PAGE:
Foley has fond memories of shopping at Jordan Marsh on Pleasant Street, at a site where a
“I was about 10 years old. My mother treasured it. She still has it.’’
There were movie theaters on Pleasant Street, too. At the Strand or Granada, “I used to go to matinees as a kid,’’ she recalled. “We only had two choices, a 1 p.m. or 3 or 4 p.m. matinee.’’ Or she’d bowl at Granada Lanes. “It had 30 lanes.’’
When Foley’s father died in 2009, a desire to spend time with her mother, Grace, now 81, and the rest of her family brought her back to the United States, eventually to stay. “I was tired of spending holidays away from the people I love and care about,’’ she said.
Foley applied for jobs all over New England from Schweinfurt, Germany, where she worked for the US Army counseling soldiers about substance abuse. She eventually found a position at the Springfield Vet Center, a storefront clinic providing readjustment counseling services to combat veterans suffering from post-traumatic stress disorder, anxiety, and other issues associated with returning from war. Currently renting in Northampton (“It’s much closer than Germany, or anywhere else I’ve lived during the last 30 years.’’), Foley makes trips to Malden to spend time with her mother.
While she waits for her husband, John, to sell their house in England and retire from teaching, Foley has been house-hunting, searching for a home that will have space for their four dogs.
The couple’s children, now older and independent, live across the country: her twin sons, 29, Joseph Astroth in Los Angeles and Justin Astroth in Alabama, along with her stepchildren, Sean Foley, 37, in Missouri, and Eva Foley, 35, in Oregon.
“I can’t live in the city,’’ Foley said. “I need someplace quiet, open, and beautiful, something more than tall buildings.’’
Still, while visiting her mother, Foley looks forward to getting reaquainted with old friends, and perhaps exploring some new finds in Malden, such as All Seasons Table and The Exchange, popular new restaurants in Malden Square.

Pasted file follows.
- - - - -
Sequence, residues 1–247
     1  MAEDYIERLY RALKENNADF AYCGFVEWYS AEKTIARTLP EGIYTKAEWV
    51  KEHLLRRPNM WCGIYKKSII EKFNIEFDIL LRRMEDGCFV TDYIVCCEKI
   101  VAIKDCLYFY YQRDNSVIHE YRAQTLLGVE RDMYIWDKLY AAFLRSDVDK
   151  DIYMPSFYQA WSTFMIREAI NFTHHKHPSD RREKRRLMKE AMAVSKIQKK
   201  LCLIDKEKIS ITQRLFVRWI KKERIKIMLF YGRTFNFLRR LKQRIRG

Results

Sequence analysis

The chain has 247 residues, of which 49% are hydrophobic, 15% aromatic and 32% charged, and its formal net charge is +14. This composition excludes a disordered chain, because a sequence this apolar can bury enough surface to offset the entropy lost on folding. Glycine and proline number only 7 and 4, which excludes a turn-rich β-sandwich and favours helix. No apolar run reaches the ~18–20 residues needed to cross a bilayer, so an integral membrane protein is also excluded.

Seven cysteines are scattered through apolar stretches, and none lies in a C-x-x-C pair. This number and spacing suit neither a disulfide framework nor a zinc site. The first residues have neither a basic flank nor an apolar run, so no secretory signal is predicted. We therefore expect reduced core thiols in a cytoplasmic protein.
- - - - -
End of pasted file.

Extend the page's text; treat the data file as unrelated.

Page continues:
The restaurants abut Sparks, a 90-year-old shopping institution with entrances on Pleasant and Exchange streets, which is the biggest supplier of school uniforms in the Northeast.
Mystic Valley Regional Charter School, based in Malden, refers students there for mandatory school uniforms. With a long reputation for good service and low prices, Sparks also sells scrubs, ladies sportswear, lingerie, and costume jewelry. Customers include anyone looking for a good-quality bargain.
Amy Sparks, 46, a third-generation owner, said, “A lot of professionals take the subway into Boston and don’t do their shopping here.’’ Still, the store is busy and both of Amy’s parents are still “very active’’ in the business.
Her father, Albert, is about to turn 84 and her mother, Myrna, who Amy says “likes to tell people she’s in her 20s,’’ helps out during uniform season, August through September.
“Twenty to thirty years ago,’’ Albert said, “the foot traffic was so heavy you couldn’t walk down Pleasant Street. No more. People come to our store for a specific purpose,’’ he explained. “They’re not just walking by.’’
Amy was more optimistic. “The new restaurants are bringing people back,’’ she said.
Kathy Shiels Tully can be reached at firstname.lastname@example.org.